Friday, 21 April 2017

Czech expert: Disputes over definition thwart anti-terror struggle

ČTK |
6 January 2017

Prague, Jan 5 (CTK) - Countries' disputes over a definition of terrorism, or what can be considered terror, complicate international cooperation in fighting terrorism, Miroslav Mares, Czech expert in extremism, said at a Prague congress discussing a joint campaign against terrorism on Thursday.

When discussing the extent of cooperation, the international community should consider whether it may be misused by authoritarian regimes for their own purposes, Mares, a lecturer at Brno's Masaryk University, said.

"The U.N. still fails to adopt a kind of a general convention on terrorism. The dispute some Arab countries have had with Israel and its allies has been one of the causes of the failure," Mares said.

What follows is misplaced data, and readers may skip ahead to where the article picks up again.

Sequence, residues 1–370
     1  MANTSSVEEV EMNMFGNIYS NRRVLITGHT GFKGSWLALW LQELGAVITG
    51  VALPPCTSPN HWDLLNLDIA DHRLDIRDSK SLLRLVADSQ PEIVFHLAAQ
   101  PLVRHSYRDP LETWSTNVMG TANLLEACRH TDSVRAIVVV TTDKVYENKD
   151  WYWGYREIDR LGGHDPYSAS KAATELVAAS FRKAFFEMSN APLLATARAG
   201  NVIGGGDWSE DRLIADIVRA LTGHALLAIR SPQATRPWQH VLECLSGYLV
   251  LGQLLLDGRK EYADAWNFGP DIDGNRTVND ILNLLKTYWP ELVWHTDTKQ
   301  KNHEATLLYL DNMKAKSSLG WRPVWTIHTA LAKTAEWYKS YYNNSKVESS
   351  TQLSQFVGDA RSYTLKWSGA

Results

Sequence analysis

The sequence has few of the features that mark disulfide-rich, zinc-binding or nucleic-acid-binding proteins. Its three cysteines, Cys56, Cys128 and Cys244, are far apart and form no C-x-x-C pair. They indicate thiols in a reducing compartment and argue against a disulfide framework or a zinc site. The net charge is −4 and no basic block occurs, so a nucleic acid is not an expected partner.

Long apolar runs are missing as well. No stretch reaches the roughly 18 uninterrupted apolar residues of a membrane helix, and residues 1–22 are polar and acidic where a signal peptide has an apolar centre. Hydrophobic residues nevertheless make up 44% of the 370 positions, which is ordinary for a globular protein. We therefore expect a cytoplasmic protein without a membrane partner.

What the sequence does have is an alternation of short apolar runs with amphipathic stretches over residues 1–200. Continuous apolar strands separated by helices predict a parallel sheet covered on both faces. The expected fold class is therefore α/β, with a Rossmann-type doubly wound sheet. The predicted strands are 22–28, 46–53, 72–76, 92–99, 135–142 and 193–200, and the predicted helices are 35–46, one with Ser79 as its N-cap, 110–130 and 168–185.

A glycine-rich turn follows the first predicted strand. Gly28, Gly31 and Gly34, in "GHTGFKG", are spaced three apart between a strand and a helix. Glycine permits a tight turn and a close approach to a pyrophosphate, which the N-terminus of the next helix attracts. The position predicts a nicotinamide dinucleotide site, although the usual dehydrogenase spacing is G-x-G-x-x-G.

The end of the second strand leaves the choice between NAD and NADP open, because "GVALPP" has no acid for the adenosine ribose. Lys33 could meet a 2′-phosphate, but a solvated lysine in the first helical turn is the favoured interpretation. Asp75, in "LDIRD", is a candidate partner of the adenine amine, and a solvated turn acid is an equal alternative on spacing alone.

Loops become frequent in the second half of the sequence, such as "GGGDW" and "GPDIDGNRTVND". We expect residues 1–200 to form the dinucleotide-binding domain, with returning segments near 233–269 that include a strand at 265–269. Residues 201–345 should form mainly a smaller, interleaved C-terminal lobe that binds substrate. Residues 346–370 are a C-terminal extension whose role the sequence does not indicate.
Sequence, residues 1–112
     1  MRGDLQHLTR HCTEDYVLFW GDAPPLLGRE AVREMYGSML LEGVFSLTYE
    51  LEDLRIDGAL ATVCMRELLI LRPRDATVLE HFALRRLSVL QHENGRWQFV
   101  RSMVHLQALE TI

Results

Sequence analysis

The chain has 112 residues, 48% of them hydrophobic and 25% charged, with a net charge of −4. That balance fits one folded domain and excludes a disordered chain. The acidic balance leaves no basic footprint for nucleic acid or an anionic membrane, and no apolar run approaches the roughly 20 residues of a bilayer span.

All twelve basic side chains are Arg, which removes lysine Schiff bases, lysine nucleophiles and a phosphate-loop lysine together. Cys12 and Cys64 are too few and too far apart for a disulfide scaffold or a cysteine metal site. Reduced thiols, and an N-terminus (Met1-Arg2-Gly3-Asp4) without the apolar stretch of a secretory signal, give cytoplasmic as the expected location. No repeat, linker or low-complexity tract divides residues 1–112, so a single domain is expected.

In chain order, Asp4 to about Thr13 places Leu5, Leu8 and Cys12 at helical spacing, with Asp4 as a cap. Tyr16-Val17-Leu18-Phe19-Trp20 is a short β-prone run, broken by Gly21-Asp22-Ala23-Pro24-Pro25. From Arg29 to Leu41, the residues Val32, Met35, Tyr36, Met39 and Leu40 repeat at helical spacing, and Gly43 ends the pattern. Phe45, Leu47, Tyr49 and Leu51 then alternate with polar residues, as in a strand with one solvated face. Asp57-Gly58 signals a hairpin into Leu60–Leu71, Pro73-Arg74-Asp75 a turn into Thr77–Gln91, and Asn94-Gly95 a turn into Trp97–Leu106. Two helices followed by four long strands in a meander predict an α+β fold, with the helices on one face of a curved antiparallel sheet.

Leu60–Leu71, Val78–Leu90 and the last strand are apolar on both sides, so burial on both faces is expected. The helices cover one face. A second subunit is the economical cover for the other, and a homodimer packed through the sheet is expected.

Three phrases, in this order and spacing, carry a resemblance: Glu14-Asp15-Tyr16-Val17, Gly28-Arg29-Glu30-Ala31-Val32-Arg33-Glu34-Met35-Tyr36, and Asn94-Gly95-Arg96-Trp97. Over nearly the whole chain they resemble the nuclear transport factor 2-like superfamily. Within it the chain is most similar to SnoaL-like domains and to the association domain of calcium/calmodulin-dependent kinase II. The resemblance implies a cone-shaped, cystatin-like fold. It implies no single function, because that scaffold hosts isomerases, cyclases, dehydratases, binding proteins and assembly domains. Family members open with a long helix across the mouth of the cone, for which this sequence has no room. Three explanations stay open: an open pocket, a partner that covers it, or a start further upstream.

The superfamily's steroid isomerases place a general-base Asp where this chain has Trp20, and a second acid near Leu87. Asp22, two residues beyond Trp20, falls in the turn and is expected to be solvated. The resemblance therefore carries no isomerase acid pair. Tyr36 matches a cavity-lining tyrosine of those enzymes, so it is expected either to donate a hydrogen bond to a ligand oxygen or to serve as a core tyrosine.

The lack of a global definition of terrorism is a crucial problem also because the first attempts to formulate it were made in the League of Nations as early as in the 1930s, he said.

In spite of this, countries are interested in fighting terrorism, Mares continued.

"The globalisation of terrorism and its way of hitting various countries poses a similar threat to the security interests of various elites in the world," Mares said.

"Civilian victims are unpleasant for a crushing majority of the present world's governments," he said.

That is also why an exchange of information between the secret services has often been applied as the most effective instrument of the anti-terror struggle, Mares said.

At the same time, he said it is necessary to assess individual cases of cooperation.

"The international community must seek a balance between the pursuing of the common interest and the observance of the idea of humanism. The fight against terrorism should not harm the interests of humanity by allowing excessive cooperation with regimes that would misuse the anti-terror motto for other purposes," Mares said.

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